High-dose rosuvastatin [et ses avantages cardiovasculaires] it may not be worth the risk, even if it’s low, especially with a low eGFR,” he added. “Our study provides an opportunity to raise awareness of this clinical problem.”

“Future studies are warranted to shed light on the discrepancy between real-world practice and FDA dosing recommendations for high-dose rosuvastatin,” the researchers write.

“Greater awareness and education are essential”

invited to comment, Dr Swapnil Hiremathnéphrologue at the Institut de recherche de l’Hôpital d’Ottawa, Ontario, Canada, noted that he risked plus elevé de néphrotoxicité avec la rosuvastatine à forte dos por rapport à l’atorvastatine à forte doses a été montré dans l’ essay PLANET 1 published in 2015 and, for example, in a case report published in 2016, which the researchers also mention.

“I was personally surprised” by the high proportion of patients with severe CKD who received higher-than-recommended doses of rosuvastatin, said Dr. Hiremath, who is also an associate professor at the University of Ottawa and podcaster Freely Filtered, and who is not associated. with the current study.

“We see this from time to time,” he continued, “but because someone is targeting LDL and hasn’t noticed GFR, or maybe the patient started on a high dose a long time ago and kidney function went down, and no one changed the high dose. »

“Increased awareness and better education is essential,” observed Dr. Hiremath. “My personal bias is to have specialist nephrology pharmacists involved in multidisciplinary clinics when the DFG [est] <30 or so,” he added. "There are so many other tough questions about drugs and how they interact" in patients with kidney disease.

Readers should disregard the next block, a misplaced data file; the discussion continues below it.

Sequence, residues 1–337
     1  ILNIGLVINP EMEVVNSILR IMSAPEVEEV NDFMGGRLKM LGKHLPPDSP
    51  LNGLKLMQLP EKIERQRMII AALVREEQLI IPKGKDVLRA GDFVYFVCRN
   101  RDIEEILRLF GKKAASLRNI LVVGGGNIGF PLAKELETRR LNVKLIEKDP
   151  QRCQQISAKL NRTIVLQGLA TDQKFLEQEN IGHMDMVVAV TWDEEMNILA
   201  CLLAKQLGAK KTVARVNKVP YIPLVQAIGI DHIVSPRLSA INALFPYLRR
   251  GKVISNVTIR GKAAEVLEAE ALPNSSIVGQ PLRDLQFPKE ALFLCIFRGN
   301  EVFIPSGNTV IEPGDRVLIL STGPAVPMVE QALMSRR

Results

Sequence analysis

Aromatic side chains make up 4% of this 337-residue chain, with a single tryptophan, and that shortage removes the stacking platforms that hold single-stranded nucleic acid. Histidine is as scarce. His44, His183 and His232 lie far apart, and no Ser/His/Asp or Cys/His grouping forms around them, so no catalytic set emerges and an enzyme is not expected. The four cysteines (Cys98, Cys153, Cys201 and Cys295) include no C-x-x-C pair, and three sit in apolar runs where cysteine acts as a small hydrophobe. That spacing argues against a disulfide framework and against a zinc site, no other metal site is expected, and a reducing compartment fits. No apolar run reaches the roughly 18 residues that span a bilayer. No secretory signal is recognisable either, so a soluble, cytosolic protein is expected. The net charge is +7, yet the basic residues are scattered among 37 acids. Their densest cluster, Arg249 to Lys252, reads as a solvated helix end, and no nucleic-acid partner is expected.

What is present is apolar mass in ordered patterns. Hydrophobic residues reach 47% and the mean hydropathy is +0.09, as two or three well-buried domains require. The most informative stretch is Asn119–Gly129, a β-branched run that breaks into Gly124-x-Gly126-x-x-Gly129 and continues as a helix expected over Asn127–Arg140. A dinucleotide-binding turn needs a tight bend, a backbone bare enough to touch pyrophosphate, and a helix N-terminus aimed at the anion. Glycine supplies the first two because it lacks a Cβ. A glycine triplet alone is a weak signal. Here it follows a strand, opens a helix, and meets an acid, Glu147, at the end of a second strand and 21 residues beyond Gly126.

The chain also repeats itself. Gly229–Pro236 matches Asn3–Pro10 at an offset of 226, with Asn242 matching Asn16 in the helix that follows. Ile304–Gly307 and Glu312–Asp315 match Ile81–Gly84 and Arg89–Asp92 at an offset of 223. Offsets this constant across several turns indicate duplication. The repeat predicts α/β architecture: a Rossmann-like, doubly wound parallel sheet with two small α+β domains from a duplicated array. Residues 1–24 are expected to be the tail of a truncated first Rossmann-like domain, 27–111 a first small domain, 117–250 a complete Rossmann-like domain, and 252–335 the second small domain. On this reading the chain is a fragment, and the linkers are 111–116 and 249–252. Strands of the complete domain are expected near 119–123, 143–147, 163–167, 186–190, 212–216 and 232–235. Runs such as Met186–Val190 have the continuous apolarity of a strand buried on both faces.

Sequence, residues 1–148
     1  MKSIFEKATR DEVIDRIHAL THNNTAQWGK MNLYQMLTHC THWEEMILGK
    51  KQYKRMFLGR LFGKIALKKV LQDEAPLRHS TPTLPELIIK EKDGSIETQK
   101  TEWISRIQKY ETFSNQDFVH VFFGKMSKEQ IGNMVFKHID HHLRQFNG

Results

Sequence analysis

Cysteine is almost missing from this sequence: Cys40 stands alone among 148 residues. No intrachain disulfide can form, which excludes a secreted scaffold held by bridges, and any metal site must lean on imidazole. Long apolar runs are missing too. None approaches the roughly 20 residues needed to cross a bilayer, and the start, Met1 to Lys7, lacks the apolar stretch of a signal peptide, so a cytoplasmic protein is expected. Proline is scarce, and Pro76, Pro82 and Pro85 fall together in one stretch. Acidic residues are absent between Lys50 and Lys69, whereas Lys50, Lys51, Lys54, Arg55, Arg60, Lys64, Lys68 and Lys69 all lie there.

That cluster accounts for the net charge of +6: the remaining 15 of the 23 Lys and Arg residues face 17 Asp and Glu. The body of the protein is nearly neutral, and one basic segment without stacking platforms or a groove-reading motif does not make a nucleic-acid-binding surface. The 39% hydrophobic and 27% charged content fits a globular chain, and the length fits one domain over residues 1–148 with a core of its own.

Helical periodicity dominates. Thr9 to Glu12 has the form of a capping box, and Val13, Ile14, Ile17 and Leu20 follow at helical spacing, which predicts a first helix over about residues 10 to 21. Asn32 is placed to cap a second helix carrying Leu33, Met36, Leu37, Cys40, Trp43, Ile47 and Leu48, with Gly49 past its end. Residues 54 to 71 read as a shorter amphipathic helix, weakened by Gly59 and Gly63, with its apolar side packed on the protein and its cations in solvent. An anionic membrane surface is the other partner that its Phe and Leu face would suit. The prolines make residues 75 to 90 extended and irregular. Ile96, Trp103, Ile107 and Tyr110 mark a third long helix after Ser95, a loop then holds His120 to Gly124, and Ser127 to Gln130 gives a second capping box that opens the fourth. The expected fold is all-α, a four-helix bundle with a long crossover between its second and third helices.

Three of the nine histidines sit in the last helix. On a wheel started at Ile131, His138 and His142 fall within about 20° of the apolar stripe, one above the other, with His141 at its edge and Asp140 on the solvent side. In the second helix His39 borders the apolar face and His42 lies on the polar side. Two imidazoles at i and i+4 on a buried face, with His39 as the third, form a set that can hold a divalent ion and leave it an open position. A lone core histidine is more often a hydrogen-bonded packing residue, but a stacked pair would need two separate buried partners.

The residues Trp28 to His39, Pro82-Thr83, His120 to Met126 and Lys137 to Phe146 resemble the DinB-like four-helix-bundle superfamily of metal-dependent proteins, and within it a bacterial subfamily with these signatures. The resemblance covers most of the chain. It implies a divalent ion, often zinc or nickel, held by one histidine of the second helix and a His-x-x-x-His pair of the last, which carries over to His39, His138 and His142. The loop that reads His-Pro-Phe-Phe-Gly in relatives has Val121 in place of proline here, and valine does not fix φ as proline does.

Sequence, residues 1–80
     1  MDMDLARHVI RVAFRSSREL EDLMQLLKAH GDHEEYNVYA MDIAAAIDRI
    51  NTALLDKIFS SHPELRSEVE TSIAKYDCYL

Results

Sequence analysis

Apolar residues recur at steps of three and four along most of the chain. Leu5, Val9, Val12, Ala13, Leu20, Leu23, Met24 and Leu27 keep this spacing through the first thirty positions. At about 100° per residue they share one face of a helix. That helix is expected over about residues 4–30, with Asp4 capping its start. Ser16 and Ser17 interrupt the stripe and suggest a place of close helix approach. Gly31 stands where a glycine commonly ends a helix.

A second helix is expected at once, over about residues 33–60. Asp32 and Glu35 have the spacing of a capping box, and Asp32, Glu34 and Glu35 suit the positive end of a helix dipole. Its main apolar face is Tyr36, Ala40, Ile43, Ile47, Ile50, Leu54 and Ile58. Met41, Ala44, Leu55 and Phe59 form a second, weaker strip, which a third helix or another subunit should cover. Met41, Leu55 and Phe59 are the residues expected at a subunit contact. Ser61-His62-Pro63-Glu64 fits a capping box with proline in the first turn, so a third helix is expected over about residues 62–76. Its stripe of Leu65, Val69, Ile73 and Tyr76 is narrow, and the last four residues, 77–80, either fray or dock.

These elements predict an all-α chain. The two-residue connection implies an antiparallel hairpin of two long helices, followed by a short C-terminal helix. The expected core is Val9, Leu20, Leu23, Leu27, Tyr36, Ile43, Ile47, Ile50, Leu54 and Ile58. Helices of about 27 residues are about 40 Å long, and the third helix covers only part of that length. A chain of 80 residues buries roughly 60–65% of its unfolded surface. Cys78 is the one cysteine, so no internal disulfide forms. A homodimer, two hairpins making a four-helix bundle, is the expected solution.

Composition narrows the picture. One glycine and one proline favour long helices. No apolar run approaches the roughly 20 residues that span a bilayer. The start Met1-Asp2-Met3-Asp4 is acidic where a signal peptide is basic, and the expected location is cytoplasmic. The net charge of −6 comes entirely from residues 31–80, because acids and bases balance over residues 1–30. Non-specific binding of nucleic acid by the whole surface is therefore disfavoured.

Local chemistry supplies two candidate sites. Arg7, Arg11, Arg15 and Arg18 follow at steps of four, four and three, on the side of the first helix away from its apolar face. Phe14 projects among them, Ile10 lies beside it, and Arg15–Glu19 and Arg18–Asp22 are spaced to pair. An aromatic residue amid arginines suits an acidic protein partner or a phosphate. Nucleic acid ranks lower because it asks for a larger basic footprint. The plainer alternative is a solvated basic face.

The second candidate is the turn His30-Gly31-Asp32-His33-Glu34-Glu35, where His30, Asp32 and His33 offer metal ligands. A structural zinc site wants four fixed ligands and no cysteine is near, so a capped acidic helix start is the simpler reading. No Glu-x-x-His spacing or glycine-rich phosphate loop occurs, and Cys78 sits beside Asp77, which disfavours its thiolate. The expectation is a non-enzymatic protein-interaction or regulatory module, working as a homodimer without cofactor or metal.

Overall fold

However, “I would be careful not to draw too many conclusions from an observational study,” Dr. Hiremath added. “There is always a risk of residual confounding and selection bias,” the researchers acknowledge, “and especially concomitant risks. »

For example, “if there are fewer cardiovascular deaths with rosuvastatin, then more people who survive may develop kidney failure. »

In practice, the dosage is not clear.

Atorvastatin at doses of 40 and 80 mg and rosuvastatin at 20 and 40 mg are the only two statins considered high-intensity, the researchers note.

Development of a 80-mg dose of rosuvastatin was discontinued due to safety signals related to hematuria and proteinuria highlighted at the time of rosuvastatin’s FDA approval.